I grew up in Scotland, graduated and worked first for a real estate company and then for a bank. I found this deeply unfulfilling and moved to...
I grew up in Scotland, graduated and worked first for a real estate company and then for a bank. I found this deeply unfulfilling and moved to my place of birth, San Francisco, in the summer of 2010, where I landed a job for a reclaimed lumber company. It was there that I learned about the aesthetic and value of reclaimed materials. We’d take apart old barns, water containers, and public buildings and then remill the materials into products such as flooring and paneling.
Since my time in San Francisco I’ve never looked at trash the same way. I cannot simply walk past a dumpster or a building site without nosing around. In Toronto, where I live now, my friends share my enthusiasm and we’ve built this crowdsourced map and app called Trashswag. Before we built the site, we’d notice objects on the street that we could salvage, then text each other pictures, with information about where the stuff was. There was never a shortage of stuff.
The city streets are still laden with old growth lumber from home renovations, solid wood furniture such as desks, drawers and bookshelves, architectural salvage items such as doors and windows and more unusual items like props and old metal storefront signage (we’ve also found a giant mustache, checkers tables, old suitcases and whisky casks, to name a few).
Our site has become an artist’s resource for finding unique, aged old materials and furniture that has been left out on the curb. Trashswag equips anyone with a smartphone and an eye for useful “junk” with the ability to make a contribution to the map via the apps or other reporting methods. The map facilitates salvage activities and becomes the collective eyes of the people involved. Since it was created at the start of the year, Trashswag has grown, and now we want to take it to other cities.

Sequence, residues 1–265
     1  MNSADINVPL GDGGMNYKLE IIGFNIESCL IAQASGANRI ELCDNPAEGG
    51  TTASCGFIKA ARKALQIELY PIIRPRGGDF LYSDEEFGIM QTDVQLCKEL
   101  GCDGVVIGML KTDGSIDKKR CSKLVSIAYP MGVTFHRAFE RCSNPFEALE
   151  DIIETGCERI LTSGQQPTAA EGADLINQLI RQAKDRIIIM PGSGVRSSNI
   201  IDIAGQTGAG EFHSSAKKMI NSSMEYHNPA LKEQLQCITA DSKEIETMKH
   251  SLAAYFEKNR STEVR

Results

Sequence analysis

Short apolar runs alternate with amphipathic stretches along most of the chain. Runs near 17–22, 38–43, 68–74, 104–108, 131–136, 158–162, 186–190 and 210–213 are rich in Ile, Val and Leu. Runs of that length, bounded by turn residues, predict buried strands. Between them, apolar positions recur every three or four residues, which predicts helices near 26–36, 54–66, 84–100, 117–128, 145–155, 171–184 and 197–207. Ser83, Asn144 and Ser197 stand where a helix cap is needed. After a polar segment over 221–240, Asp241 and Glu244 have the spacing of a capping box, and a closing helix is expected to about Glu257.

It’s fascinating what people do with the materials they find on Trashwag. I’ve seen people make wardrobes out of old doors or shelves out of abandoned wood. They’ve even fixed broken chairs, or they’ve built desks out of palettes. It’s not only the creativity that’s inspiring, it’s the recycling and the repurposing of perfectly good materials that’s in a way, helping our cities stop wasting.
If you want to get involved, you can help us out in a number of ways. We want more people to know about this project. Link to us on Facebook or Twitter and you’ll see new items that have been added to the map in your newsfeed. If you see something that you like, then let it be known. Much of the interest in Trashswag thus far has simply come from folks sharing on social media platforms. If you’d like to take the extra step and become a contributor to Trashswag, then create an account and send us a message. It’s easy enough for us to add a city subdomain, although we are primarily in Canada right now. We just need you to start adding stuff. If you’re already in Toronto you can contribute by sending in things you’ve come across via the app, email, website form or by Twitter using #trashswag in any geotagged tweet.
Become a part of the reclamation movement. Don’t let abandoned furniture and materials go to the dump. Click here to say you’ll DO it.